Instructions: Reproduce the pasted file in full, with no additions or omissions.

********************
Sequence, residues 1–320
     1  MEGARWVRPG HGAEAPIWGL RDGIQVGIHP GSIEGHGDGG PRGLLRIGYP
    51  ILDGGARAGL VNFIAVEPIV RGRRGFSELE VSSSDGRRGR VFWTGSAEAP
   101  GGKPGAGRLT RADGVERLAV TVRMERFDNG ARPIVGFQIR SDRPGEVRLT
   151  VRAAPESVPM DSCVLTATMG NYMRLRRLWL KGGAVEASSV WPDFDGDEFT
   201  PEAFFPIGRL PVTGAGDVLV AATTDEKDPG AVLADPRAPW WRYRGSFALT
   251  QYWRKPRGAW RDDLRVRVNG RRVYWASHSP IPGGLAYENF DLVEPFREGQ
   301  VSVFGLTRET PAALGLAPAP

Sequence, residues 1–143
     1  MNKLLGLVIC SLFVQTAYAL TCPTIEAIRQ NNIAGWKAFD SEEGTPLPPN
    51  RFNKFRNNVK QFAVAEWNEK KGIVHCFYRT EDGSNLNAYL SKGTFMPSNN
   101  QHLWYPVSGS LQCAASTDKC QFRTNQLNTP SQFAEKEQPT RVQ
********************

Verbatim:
Sequence, residues 1–320
     1  MEGARWVRPG HGAEAPIWGL RDGIQVGIHP GSIEGHGDGG PRGLLRIGYP
    51  ILDGGARAGL VNFIAVEPIV RGRRGFSELE VSSSDGRRGR VFWTGSAEAP
   101  GGKPGAGRLT RADGVERLAV TVRMERFDNG ARPIVGFQIR SDRPGEVRLT
   151  VRAAPESVPM DSCVLTATMG NYMRLRRLWL KGGAVEASSV WPDFDGDEFT
   201  PEAFFPIGRL PVTGAGDVLV AATTDEKDPG AVLADPRAPW WRYRGSFALT
   251  QYWRKPRGAW RDDLRVRVNG RRVYWASHSP IPGGLAYENF DLVEPFREGQ
   301  VSVFGLTRET PAALGLAPAP

Sequence, residues 1–143
     1  MNKLLGLVIC SLFVQTAYAL TCPTIEAIRQ NNIAGWKAFD SEEGTPLPPN
    51  RFNKFRNNVK QFAVAEWNEK KGIVHCFYRT EDGSNLNAYL SKGTFMPSNN
   101  QHLWYPVSGS LQCAASTDKC QFRTNQLNTP SQFAEKEQPT RVQ